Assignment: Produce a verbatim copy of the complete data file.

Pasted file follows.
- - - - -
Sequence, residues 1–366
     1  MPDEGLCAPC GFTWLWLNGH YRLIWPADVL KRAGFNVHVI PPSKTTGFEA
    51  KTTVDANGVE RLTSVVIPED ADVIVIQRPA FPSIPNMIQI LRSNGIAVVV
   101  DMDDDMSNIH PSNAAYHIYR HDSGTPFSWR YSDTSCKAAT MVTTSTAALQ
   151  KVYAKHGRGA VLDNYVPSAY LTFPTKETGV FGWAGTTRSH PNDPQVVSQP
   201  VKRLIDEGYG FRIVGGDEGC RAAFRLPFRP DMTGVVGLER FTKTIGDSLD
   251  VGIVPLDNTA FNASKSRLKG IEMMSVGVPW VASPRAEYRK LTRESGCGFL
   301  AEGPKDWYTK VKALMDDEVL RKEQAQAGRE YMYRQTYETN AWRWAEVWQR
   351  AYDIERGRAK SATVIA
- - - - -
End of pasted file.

Sequence, residues 1–366
     1  MPDEGLCAPC GFTWLWLNGH YRLIWPADVL KRAGFNVHVI PPSKTTGFEA
    51  KTTVDANGVE RLTSVVIPED ADVIVIQRPA FPSIPNMIQI LRSNGIAVVV
   101  DMDDDMSNIH PSNAAYHIYR HDSGTPFSWR YSDTSCKAAT MVTTSTAALQ
   151  KVYAKHGRGA VLDNYVPSAY LTFPTKETGV FGWAGTTRSH PNDPQVVSQP
   201  VKRLIDEGYG FRIVGGDEGC RAAFRLPFRP DMTGVVGLER FTKTIGDSLD
   251  VGIVPLDNTA FNASKSRLKG IEMMSVGVPW VASPRAEYRK LTRESGCGFL
   301  AEGPKDWYTK VKALMDDEVL RKEQAQAGRE YMYRQTYETN AWRWAEVWQR
   351  AYDIERGRAK SATVIA